On the other hand, the HSM market is ripe for innovation. There has been a fundamental breakthrough in trusted cloud computing over the last few years. Trusted computing allows one to using commercial off-the-shelf hardware to perform certain sensitive computation privately, such as key generation, key management, and encryption-as-a-service. Trusted platform module (TPM) and Intel® Software Guard Extension (SGX) are examples of such technology on x86 platforms. They allow innovative companies to provide HSM functionality without using purpose-built hardware appliances. By using trusted computing correctly, innovative products can offer HSM-grade functionality with software-like functionality as shown in Figure 3.
Figure 3: HSM-grade security with software-like flexibility
Products are available today that combine HSM functionality with software flexibility and offer an innovative approach to these cloud security issues for enterprises, for the following reasons:
These products are available as pure hosted software in clouds and also as commercial-off-the-shelf appliances. They offer PKCS#11, KMIP, and RESTful interfaces for easy integration with variety of applications. They can be rapidly evaluated by test teams because of software flexibility and provide a fast path to both compliance and security.
The advent of trusted cloud computing has huge implications for this once stagnant HSM market and for key management systems to best protect enterprise resources in the cloud. While emerging, it has the potential to address some of the lingering security concerns holding cloud customers back.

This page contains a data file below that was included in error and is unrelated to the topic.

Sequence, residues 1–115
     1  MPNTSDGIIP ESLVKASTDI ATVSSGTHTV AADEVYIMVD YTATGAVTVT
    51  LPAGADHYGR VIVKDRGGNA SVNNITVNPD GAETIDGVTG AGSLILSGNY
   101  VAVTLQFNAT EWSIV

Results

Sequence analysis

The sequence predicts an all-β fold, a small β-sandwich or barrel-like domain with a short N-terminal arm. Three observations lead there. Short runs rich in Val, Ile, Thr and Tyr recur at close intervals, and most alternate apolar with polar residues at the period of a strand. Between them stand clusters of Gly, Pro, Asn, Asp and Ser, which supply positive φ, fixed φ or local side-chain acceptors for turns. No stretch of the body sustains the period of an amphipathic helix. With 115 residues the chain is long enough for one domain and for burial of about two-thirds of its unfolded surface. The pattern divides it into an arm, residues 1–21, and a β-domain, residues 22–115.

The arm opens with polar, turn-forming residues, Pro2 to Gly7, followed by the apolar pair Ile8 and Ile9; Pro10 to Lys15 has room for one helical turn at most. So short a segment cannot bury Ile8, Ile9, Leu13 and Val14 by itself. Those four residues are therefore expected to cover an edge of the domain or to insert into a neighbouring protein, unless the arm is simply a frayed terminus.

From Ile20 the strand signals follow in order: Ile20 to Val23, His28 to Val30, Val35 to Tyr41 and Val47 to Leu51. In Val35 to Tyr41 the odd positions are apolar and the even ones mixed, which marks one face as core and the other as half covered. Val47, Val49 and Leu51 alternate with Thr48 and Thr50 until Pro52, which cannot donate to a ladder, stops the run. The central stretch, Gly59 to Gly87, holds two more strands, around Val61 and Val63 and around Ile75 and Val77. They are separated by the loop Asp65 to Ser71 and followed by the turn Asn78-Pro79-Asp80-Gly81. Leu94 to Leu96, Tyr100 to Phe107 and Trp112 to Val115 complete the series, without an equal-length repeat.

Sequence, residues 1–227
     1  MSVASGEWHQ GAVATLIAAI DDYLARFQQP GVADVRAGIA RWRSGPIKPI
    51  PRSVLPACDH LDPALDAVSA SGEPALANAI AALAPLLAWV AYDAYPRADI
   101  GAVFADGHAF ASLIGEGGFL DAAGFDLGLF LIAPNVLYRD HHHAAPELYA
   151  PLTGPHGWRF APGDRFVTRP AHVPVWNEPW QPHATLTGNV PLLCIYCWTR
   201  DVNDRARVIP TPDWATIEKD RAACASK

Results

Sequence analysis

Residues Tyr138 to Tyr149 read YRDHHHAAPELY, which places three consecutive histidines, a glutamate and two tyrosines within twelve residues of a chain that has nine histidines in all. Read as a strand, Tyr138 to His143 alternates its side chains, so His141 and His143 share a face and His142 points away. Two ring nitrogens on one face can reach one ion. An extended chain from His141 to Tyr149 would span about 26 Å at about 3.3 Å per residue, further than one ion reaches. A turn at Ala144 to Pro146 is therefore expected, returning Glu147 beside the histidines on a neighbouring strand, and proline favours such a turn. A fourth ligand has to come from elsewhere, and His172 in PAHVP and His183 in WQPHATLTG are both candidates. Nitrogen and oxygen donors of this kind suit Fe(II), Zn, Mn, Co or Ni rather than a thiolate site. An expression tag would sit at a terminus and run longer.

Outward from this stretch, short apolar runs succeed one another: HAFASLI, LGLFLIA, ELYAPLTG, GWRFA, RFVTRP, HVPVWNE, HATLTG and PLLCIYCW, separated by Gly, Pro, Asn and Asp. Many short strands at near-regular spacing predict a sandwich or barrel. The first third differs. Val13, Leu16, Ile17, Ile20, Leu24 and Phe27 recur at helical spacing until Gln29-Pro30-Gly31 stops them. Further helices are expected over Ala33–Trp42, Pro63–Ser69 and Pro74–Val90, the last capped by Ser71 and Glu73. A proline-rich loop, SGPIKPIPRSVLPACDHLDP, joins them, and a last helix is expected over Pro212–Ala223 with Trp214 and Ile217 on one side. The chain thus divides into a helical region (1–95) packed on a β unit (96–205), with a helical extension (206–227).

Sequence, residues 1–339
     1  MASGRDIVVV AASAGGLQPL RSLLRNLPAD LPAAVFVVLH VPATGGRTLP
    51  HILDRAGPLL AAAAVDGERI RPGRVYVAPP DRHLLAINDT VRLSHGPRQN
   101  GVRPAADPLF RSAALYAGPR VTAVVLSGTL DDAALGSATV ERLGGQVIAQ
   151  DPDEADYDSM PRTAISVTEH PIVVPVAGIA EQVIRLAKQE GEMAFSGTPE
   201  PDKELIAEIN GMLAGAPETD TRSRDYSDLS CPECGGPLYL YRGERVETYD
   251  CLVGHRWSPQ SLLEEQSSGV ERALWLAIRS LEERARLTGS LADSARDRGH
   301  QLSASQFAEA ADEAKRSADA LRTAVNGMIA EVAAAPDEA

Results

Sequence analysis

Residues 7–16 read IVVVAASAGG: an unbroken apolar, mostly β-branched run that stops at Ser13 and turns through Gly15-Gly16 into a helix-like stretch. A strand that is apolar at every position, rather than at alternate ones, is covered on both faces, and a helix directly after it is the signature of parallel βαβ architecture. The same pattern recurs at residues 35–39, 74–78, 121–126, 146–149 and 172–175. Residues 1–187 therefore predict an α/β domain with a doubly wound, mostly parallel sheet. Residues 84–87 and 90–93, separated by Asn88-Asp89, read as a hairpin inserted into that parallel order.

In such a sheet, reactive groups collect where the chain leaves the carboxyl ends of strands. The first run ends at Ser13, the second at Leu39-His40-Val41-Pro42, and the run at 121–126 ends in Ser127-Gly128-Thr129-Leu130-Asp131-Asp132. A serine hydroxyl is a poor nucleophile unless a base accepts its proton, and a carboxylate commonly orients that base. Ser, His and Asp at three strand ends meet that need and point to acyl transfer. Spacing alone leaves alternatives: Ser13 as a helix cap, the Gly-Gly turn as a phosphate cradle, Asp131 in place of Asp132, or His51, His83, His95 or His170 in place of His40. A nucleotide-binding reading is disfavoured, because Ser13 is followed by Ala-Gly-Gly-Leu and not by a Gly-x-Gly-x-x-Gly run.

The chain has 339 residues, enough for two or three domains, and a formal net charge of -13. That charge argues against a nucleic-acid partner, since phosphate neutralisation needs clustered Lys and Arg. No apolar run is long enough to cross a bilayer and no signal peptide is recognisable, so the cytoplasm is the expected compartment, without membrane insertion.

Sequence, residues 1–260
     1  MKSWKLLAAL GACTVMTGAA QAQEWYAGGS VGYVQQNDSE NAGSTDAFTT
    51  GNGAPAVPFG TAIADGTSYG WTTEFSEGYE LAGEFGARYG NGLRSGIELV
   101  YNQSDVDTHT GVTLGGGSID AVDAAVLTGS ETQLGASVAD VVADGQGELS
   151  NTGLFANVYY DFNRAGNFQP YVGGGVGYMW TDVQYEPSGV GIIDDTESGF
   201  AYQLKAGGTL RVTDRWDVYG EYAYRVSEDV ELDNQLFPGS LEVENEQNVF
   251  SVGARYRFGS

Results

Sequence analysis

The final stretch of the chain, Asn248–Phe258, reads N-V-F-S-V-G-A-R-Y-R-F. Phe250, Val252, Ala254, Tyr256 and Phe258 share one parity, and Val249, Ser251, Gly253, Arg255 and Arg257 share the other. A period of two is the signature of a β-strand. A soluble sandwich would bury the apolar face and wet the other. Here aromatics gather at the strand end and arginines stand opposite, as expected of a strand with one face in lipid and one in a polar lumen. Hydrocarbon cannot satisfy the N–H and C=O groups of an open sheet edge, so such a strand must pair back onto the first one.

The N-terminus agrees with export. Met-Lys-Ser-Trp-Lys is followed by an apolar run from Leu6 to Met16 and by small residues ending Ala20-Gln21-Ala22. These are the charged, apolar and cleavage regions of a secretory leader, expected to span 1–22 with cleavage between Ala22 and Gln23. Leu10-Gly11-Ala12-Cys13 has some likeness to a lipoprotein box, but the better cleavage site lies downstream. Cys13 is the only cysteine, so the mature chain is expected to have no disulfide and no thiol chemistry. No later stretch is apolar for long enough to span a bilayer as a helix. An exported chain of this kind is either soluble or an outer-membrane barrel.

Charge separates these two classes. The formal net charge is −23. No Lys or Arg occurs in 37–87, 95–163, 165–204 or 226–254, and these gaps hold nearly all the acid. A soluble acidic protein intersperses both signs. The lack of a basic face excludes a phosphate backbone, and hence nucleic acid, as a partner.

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Cloud computing is now being embraced by a majority of enterprises of all sizes. Yesterday's debate about public vs. private has transformed into the reality of hybrid cloud: a recent survey shows that 74% of enterprises have a hybrid cloud strategy. Meanwhile, 94% of enterprises are using some form of XaaS - software, platform, and infrastructure as a service.
With major technology companies and startups seriously embracing Cloud strategies, now is the perfect time to attend 21st Cloud Expo, October 31 - November 2, 2017, at the Santa Clara Convention Center, CA, and June 12-14, 2018, at the Javits Center in New York City, NY, and learn what is going on, contribute to the discussions, and ensure that your enterprise is on the right path to Digital Transformation.
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Every Global 2000 enterprise in the world is now integrating cloud computing in some form into its IT development and operations. Midsize and small businesses are also migrating to the cloud in increasing numbers.
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All major researchers estimate there will be tens of billions devices - computers, smartphones, tablets, and sensors - connected to the Internet by 2020. This number will continue to grow at a rapid pace for the next several decades.
With major technology companies and startups seriously embracing Cloud strategies, now is the perfect time to attend @CloudExpo | @ThingsExpo, October 31 - November 2, 2017, at the Santa Clara Convention Center, CA, and June 12-4, 2018, at the Javits Center in New York City, NY, and learn what is going on, contribute to the discussions, and ensure that your enterprise is on the right path to Digital Transformation.
Delegates to Cloud Expo | @ThingsExpo will be able to attend 8 simultaneous, information-packed education tracks.
There are over 120 breakout sessions in all, with Keynotes, General Sessions, and Power Panels adding to three days of incredibly rich presentations and content.
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Financial Technology - or FinTech - Is Now Part of the @CloudExpo Program!
Accordingly, attendees at the upcoming 21st Cloud Expo | @ThingsExpo October 31 - November 2, 2017, Santa Clara Convention Center, CA, and June 12-14, 2018, at the Javits Center in New York City, NY, will find fresh new content in a new track called FinTech, which will incorporate machine learning, artificial intelligence, deep learning, and blockchain into one track.